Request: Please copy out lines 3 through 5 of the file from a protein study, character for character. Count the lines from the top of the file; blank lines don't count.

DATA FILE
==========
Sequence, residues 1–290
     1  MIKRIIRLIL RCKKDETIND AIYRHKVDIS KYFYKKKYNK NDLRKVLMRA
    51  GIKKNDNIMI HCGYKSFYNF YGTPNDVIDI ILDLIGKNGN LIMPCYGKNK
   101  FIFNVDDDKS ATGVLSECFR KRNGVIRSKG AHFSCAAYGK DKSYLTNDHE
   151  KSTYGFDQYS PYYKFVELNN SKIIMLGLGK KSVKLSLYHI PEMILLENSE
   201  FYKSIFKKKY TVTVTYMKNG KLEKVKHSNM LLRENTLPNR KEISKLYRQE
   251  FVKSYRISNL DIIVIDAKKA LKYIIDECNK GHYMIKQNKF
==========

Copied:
    51  GIKKNDNIMI HCGYKSFYNF YGTPNDVIDI ILDLIGKNGN LIMPCYGKNK
   101  FIFNVDDDKS ATGVLSECFR KRNGVIRSKG AHFSCAAYGK DKSYLTNDHE
   151  KSTYGFDQYS PYYKFVELNN SKIIMLGLGK KSVKLSLYHI PEMILLENSE